Commentary on the Gospel of
The Nativity of the Lord (Christmas)
The people who walked in darkness have seen a great light; upon those who dwelt in the land of gloom a light has shown. …the rod of their taskmaster you have smashed…
For a Child is born to us…. they name him Wonder-Counselor, God-Hero, Father-Forever, Prince of Peace.
His dominion is vast and forever peaceful…which he confirms and sustains by judgment and justice, both now and forever,
He shall rule the world with justice and the peoples with his constancy.
For today in the city of David, a savior has been born for you who is Christ and Lord. And this will be a sign for you: you will find an infant wrapped in swaddling clothes and lying in the manger.
The grace of God has appeared, saving all and training us to … live temperately, justly, and devoutly…eager to do what is good.
(texts from the Mass of the Nativity of the Lord – During the Night)
In the texts for Christmas, including the readings given us for the Mass at Dawn and During the Day, one hears the ache of a people who have suffered endlessly, longing for one who would set them free and establish a kingdom of peace and justice. We also hear the fulfillment of that hope and promise: in Jesus, a savior is born, the “grace of God has appeared,” now we will enjoy a time of prosperity and peace. But wait… fulfillment?
I wonder what first century Christians would say if they were to travel through time and see our world today. Maybe something like this, “There are over 65 million refugees in the world today, not just from fighting between nations, but fighting within nations?!? People don’t agree on how to take care of our common home, our earth, one of the most precious gifts given to us next to life itself?!? But where is the peace that God’s saving power ushered in through Jesus? Is there peace in your communities, your homes, your hearts?
We keep forgetting that God’s coming is not only a past event in human history, but a continual present and future reality. God did not come in human form to live, die and rise and then leave the rest for us to figure out. We are not just hanging out passively until God comes again in glory. Like good parents whose relationships with their children transform as they mature, Jesus’s arrival was only the beginning of our maturing relationship with God as we learn to be people of peace, creating a more just and peaceful world.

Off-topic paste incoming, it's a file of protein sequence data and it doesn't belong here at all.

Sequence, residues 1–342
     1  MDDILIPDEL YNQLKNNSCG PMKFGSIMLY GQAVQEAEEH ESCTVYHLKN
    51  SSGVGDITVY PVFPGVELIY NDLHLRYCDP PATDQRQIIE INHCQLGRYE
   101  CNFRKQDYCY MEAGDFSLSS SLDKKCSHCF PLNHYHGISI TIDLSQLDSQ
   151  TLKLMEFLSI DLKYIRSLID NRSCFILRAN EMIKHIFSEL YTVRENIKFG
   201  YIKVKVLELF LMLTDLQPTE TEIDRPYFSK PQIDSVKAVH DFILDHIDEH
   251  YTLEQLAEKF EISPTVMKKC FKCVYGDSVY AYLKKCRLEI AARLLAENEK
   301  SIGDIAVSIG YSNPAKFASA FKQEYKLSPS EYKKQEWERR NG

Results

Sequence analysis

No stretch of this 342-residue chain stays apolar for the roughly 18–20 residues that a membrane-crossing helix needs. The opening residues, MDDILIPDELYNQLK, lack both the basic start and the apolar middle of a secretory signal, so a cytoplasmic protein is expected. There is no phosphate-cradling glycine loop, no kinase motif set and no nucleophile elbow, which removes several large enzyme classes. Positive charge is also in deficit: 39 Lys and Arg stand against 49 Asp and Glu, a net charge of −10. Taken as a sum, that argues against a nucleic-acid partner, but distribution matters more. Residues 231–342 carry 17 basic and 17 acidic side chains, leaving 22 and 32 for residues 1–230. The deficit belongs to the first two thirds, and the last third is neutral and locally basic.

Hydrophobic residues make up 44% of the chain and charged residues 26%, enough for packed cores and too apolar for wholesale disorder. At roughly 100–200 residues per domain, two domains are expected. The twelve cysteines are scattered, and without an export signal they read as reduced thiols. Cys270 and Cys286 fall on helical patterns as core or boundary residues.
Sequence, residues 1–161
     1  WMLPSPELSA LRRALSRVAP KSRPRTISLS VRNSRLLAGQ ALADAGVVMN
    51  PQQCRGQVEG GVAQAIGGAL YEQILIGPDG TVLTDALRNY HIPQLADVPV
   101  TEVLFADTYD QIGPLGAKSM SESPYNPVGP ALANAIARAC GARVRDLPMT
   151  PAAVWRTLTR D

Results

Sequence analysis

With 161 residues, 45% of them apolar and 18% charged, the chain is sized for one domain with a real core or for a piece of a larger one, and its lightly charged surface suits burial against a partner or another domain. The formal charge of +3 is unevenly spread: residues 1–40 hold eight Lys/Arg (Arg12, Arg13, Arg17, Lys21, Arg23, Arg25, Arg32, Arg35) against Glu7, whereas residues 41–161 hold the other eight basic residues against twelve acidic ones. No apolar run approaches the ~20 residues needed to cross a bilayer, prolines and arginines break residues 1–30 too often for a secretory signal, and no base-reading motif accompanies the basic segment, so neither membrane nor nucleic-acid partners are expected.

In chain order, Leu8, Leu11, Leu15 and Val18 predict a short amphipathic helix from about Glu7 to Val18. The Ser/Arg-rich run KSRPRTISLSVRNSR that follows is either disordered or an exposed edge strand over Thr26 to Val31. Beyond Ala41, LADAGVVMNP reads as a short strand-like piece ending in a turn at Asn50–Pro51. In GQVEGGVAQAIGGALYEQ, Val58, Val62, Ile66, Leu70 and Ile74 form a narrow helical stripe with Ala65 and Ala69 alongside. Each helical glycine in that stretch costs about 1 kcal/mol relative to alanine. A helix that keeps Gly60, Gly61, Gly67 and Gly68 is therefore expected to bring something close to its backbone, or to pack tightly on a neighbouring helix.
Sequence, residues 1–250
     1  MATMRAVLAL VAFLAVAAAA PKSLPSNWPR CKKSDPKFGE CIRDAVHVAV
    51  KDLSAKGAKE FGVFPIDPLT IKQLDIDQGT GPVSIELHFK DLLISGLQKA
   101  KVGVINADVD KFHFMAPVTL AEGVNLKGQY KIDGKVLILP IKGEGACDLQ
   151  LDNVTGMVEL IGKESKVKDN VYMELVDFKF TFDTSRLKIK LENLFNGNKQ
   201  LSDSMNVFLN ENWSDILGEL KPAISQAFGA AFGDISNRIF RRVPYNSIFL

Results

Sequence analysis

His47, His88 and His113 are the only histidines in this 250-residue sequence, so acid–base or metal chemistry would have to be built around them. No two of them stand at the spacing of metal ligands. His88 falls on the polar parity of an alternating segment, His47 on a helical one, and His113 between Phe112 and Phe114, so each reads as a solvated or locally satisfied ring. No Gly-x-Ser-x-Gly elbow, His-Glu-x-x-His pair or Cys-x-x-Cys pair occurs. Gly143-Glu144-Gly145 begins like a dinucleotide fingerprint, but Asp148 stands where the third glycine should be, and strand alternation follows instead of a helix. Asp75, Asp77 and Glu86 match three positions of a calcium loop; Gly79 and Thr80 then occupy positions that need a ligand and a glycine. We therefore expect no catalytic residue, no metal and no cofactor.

In Jesus, the eternal birthing of God arrives in humanity for all time and all space; not in a flash of power and authority but in the wonder-full ordinariness of a young Jewish woman giving birth after nurturing in her own body a growing life for nine months. God comes to us in a small gift, in the helpless vulnerability of a baby. How does God come to us and invite our maturing? We might look in ordinary places like our homes and our work places; we might try noticing small things like the urge to forgive one who has hurt us, the desire for reconciliation in our families, the longing for better health. We might look to our communities to those who need refuge, shelter, food, employment; what one thing can I do to make a difference in someone’s life?
In The Reed of God, Caryll Houselander, a lay catholic woman of the early 20th century writes:
“if Christ is growing in us, if we are at peace, recollected, because we know that however insignificant our life seems to be, from it He is forming Himself; if we go with eager wills, ‘in haste,’ to wherever our circumstances compel us, because we believe that He desires to be in that place, we shall find that we are driven more and more to act on the impulse of His love.
“And the answer we shall get from others to those impulses will be an awakening into life, or the leap into joy of the already wakened life within them.
“It is only necessary to give ourselves to that life (growing within us)…to pray without ceasing, not by a continual effort to concentrate our minds but by a growing awareness that Christ is being formed in our lives from what we are. We must trust him for this….”
The Grace of God has appeared… may Christ find a welcome home in our hearts today and in the days to come.